Water Spinach or Ong Choy: The Delicious Aquatic Plant with Many Health BenefitsFood & Drink
Ipomoea aquatica is know as morning glory or water spinach in English and ong choy in Chinese. It is an aquatic plant that grows wild beside waterways and fresh water swamps in many of the world’s tropical and sub-tropical regions. Water spinach is from the Convolvulaceae botanical family and its plant has bell shaped flowers, very similar to the flowers of the sweet potato plant, which is also from the Convolvulaceae species. Despite its true botanical connection, water spinach is considered a leafy vegetable because it is cooked and used in the same manner as Cruciferous vegetables, such as kale and arugula. This plant has a high amount of phenolic compounds, which makes it extremely nutritious, antioxidant, and disease preventative.
Water spinach has long, hollow stems with narrow spear shaped or wide triangle leaves, about 4-6 inches long. There are a number of different varieties which include a white stemmed variety known as pak quat and the more common green stemmed genus called ching quat. There is also a purple stemmed variety. The origin of water spinach is unknown although some experts believe it originated from Africa, however it is most prevalent in Southeast Asia and Australia. Water spinach also grows wild in subtropical parts of the USA, such as Florida and Texas, although in most US states its cultivation, sale and the importation of seeds are prohibited as it is considered an invasive species. In fact water spinach is listed on the United States Department of Agriculture website as a noxious weed. Although It can be found at Asian markets in California, water spinach cannot legally be transported out of state.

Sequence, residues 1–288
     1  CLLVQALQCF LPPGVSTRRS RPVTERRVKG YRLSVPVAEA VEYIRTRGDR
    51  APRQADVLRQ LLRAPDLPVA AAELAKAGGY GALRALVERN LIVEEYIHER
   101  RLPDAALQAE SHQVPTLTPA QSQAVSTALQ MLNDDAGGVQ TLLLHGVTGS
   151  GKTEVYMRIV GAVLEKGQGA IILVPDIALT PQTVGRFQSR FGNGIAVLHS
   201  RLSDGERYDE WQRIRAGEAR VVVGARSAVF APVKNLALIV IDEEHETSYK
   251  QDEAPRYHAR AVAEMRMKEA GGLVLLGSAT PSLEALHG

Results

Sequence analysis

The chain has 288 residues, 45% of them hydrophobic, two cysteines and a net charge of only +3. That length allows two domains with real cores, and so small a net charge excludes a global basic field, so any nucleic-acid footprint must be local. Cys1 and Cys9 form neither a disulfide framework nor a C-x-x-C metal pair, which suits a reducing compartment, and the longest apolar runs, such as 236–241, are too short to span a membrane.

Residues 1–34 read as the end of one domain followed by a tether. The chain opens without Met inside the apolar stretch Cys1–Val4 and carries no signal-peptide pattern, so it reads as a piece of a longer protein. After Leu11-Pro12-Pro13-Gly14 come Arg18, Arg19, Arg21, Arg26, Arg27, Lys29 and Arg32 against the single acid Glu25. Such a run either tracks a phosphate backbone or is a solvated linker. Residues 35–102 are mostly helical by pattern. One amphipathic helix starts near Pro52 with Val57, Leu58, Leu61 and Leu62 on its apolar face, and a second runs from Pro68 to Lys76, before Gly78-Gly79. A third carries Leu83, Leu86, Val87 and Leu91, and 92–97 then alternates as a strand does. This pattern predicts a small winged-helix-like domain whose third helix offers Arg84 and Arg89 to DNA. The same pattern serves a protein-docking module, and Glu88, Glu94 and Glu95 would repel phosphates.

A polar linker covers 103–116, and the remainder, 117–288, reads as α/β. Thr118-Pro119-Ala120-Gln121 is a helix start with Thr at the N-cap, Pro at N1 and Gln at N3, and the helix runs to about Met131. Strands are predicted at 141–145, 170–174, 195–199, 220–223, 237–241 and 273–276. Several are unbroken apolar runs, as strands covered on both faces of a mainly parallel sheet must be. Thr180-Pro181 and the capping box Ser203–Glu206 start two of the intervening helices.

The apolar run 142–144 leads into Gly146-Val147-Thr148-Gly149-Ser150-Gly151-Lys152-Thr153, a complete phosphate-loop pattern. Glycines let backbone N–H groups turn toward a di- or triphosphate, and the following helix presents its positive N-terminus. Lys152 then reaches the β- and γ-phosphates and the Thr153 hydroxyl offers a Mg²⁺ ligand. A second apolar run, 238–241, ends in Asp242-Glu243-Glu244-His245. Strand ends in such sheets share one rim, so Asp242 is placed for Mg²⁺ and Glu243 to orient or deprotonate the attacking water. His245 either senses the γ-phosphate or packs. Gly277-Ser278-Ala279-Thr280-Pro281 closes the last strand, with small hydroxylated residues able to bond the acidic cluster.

Traditionally in Asia water spinach was considered a cheap and nutritious food for the masses, mainly because it grows rampantly and is available year round. It is also very easy to cultivate compared with other vegetables. In Asian cooking, both the stems and leaves are consumed. Water spinach has a delicate, slightly sweet flavor, similar to spinach, and a great crunchy texture that blends well with the sweet, aromatic and spicy flavors of Asian cuisine.
In Vietnamese cuisine water spinach is known as rau muong. It is added to soups and used in stir fry’s, which usually involve garlic, ginger and chili. In Indonesia water spinach or kang kung, as it is known, is an ingredient in the popular dish Gado gado salad. The salad is prepared with various green vegetables which are tossed with a spicy peanut dressing made with peanuts, chili, palm sugar and tamarind. In Thailand this vegetable is known as pak bung fadang. It can be seen everywhere from market stalls to five star hotel restaurants. And in the Philippines water spinach (kang kong) is an essential ingredient for the ubiquitous sour fish stew known as sinigang.
Water Spinach and its Nutrition: Like spinach, water spianch is rich in iron, calcium and riboflavin. It is an excellent source of the antioxidant vitamin’s C and A. This plant has numerous carotenoids. Carotenoids are plant pigments which when digested are converted into vitamin A. The principle carotenoids in water spinach are lutein, lutein epoxide, violaxanthin and neoxanthin. Lutein is important for eye health and research indicates that increased lutein intake may lower our risk of cataracts. Violaxanthin and neoxanthin are two carotenoids which as yet haven’t gotten as much attention as beta-corotene or lutein. However, they are also powerful antioxidants which have anti-inflammatory and anti-cancer properties.
Water spinach has long been used in Southeast Asia as a traditional herbal medicine for the treatment and prevention of ailments, including high blood pressure, diabetes and eye diseases. In recent years researchers have discovered that the leaves and stems of water spinach are high in phenolic compounds (antioxidants).
Researchers in India found that water spinach showed cytotoxicity toward cancer cells, meaning that certain properties in the stems and leaves could destroy cancer cells. The 2005 ‘in vivo’ study on lab rats, concluded that more research needs to be done. Other studies suggest that water spinach should be included in the diet of diabetics because it was shown to inhibit the effect of glucose absorption. Water spinach is also antimicrobial and anti-ulcerogenic, suggesting that it can heal peptic ulcers. Water spinach may also improve acetylcholine levels in the brain. A lack of which is thought to lead to memory loss and Alzheimer’s disease.